Decline of Print Media and the Rise of the Digital Age
Nintendo Power, GamePro, Electronic Gaming Monthly, Game Informer. One of my favorite pass times growing up was picking up a video game magazine and reading through it from start to finish. I would even read about games I had no interest in just to stay informed. The aforementioned gaming mags were some of the ones I loved reading the most. I'm aware that more than a few think GamePro isn't fit to wipe their anus and that Game Informer is a major GameStop plug. Lots of gamers have praised GameFan as the greatest game mag on the planet. I never believed that for a second, but that's just me. My point is, for a long time, game mags were our primary source for game info and month after month we would gobble up every thing we could.
But then came the explosion of digital age. The internet makes getting news, shopping and staying in touch with old friends super simple. Lots of newspapers are still around but every single published paper has it's own website for up-to-the-minute news. What was once something we had access to every thirty days is now something we can easily get a hold of at any given time. If there's a news story breaks about a new game or a closing development studio, expect the story to be spread all around the net without hours. Lots of game mags have bitten the dust thanks to digital media. While I'm very grateful to get gaming news every day, there's nothing quite like having a well-made game magazine in your hands, complete with in depth articles on interesting topics that most websites don't even touch upon. For many, the "true spirit" of game journalism fizzled out as digital media blew up.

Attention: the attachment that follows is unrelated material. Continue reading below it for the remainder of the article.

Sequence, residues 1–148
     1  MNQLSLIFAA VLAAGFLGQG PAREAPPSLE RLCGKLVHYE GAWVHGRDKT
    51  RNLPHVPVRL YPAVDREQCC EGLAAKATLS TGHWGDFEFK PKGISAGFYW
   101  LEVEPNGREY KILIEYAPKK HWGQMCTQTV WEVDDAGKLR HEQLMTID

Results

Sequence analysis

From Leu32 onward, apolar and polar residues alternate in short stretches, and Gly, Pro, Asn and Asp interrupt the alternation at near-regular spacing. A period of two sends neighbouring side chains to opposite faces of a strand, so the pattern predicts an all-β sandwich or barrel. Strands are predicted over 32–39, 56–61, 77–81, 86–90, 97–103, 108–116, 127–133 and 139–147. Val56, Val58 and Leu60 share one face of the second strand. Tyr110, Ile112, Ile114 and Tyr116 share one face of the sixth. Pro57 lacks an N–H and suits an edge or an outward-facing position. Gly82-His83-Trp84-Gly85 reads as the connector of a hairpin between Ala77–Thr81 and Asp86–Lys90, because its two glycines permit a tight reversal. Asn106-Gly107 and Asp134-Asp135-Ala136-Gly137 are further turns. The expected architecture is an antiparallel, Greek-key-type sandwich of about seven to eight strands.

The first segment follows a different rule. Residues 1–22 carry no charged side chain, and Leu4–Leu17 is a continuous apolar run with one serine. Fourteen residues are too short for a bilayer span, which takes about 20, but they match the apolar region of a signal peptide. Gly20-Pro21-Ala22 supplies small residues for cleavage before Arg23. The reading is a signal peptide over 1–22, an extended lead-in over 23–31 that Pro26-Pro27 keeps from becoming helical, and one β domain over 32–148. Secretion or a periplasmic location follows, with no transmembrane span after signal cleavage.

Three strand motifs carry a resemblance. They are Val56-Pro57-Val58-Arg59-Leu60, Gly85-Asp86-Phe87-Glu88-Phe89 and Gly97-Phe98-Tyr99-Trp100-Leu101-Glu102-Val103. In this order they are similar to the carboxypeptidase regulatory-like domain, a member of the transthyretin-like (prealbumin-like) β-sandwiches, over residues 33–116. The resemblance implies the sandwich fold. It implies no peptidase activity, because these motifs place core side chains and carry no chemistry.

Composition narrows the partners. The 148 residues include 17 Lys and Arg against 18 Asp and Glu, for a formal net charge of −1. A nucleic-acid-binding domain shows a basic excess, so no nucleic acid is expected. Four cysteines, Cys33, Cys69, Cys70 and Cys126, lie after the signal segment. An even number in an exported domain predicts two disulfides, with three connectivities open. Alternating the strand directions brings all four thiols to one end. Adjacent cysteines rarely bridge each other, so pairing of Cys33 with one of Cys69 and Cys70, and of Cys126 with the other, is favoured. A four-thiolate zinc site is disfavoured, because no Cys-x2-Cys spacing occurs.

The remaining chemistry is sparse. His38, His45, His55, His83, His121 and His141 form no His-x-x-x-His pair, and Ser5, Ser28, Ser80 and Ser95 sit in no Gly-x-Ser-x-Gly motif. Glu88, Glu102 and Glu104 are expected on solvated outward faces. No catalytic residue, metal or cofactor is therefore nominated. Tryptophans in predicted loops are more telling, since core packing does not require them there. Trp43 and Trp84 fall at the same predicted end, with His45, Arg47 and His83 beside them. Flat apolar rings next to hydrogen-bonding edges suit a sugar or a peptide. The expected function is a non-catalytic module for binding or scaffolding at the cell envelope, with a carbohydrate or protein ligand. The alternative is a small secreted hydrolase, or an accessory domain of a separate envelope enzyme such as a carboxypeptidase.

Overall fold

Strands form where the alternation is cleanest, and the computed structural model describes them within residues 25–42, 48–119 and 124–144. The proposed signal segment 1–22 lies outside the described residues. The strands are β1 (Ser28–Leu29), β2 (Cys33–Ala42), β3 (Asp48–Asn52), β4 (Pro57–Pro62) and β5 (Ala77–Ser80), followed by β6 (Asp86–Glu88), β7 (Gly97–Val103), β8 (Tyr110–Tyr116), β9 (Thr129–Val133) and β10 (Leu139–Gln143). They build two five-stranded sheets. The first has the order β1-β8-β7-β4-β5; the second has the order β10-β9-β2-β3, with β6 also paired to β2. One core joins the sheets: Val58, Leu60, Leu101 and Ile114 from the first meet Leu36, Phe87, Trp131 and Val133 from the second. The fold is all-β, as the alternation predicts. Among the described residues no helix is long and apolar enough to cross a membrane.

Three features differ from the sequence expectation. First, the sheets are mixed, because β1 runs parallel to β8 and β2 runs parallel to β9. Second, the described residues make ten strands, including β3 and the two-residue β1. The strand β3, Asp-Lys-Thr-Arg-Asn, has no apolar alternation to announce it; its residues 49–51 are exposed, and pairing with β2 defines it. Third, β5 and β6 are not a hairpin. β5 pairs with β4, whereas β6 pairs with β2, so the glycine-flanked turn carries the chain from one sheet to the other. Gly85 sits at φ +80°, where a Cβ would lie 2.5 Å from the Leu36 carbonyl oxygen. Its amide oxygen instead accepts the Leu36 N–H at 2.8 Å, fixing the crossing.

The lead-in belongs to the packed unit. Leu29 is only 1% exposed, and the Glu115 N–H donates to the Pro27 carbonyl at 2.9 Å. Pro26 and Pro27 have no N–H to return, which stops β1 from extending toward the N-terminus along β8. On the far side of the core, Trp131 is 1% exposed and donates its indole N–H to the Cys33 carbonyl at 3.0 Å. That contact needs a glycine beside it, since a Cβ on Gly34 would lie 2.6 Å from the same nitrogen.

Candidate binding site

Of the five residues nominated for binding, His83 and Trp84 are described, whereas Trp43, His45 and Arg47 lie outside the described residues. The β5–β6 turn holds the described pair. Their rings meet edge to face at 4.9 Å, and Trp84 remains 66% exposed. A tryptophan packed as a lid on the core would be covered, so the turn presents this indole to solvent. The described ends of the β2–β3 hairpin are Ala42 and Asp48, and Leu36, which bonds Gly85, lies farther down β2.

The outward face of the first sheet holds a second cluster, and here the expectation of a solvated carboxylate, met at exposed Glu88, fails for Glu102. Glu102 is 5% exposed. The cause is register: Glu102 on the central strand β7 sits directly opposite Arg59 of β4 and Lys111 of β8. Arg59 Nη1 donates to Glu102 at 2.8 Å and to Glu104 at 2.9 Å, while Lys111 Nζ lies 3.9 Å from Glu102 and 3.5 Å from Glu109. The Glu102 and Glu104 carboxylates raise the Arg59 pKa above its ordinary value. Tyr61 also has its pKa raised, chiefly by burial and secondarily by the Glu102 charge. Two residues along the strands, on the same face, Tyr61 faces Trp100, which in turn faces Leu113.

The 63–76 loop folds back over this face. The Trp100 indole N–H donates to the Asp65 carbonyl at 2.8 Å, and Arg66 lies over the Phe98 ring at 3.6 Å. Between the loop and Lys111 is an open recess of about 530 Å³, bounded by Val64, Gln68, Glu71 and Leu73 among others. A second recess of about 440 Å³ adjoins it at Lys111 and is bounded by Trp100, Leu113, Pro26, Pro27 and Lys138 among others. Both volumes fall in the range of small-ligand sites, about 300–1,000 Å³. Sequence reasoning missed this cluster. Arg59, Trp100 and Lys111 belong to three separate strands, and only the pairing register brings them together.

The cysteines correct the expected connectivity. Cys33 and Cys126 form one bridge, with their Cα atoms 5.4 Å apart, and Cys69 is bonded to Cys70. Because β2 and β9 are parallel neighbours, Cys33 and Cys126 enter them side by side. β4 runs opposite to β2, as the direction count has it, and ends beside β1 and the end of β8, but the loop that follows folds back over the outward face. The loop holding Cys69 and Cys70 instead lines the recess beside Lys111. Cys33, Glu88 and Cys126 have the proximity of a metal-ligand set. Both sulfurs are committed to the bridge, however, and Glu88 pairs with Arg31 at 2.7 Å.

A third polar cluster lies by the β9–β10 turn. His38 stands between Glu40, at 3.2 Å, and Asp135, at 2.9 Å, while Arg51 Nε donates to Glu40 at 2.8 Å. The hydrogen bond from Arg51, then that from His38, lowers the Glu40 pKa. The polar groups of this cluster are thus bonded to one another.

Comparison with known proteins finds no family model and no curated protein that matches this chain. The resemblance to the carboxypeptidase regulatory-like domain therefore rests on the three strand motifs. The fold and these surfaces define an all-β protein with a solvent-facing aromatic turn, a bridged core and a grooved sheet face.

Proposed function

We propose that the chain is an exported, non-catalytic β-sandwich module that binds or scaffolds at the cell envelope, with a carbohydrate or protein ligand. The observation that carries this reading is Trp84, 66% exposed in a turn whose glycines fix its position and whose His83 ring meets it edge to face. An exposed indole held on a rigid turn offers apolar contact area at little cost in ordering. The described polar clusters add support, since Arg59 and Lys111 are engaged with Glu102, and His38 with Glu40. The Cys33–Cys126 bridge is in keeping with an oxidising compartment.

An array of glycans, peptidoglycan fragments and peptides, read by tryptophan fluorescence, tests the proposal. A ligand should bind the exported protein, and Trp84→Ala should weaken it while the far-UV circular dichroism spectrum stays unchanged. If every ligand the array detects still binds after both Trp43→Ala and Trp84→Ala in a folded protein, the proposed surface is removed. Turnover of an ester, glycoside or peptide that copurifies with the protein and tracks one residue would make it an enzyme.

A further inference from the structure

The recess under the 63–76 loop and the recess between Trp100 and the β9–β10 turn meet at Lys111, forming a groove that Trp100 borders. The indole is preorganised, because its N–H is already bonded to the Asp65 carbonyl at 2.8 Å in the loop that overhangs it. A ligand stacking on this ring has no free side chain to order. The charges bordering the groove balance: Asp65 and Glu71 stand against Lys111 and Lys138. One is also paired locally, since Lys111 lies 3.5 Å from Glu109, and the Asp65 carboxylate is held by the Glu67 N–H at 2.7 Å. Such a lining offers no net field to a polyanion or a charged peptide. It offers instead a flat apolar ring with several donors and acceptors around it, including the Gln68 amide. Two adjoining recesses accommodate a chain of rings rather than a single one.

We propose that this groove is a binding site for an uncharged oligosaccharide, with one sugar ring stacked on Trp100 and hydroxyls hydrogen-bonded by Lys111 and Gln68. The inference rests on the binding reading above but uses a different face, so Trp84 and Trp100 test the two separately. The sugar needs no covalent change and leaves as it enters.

Ads, Ads and More Ads
Ads are everywhere. In magazines, newspapers, TVs, and billboards. You cannot escape the all mighty ad. For all the good digital media has given us, it's also responsible for the onslaught of ever increasing ads, something that greatly hinds your web surfing experience. What should be a relaxing experience for us turns into aggravation because we have to sit through so many ads or have the page's scrolling speed bogged down by an over abundance of ads on the top, bottom, left and ride side of the page. Needless to say ad assault is at it's worst in digital form. Ad blocking software was invented for the sole purpose of making our web surfing experiences less frustrating. But game sites need those ads to get money so they are a necessary evil. When said ads are game-related, they may even have some sway on reviews and scores. "What?! That's impossible!" If mainstream news media can be convinced to have a different opinion based on the all mighty dollar, what makes you think video game journalism is an exception? When game journalists lose their jobs for giving their honest opinion and a game that was originally given a mediocre rating is given a great rating, it doesn't take the world's greatest detective to know that things aren't kosher.
Big Name Games/Stories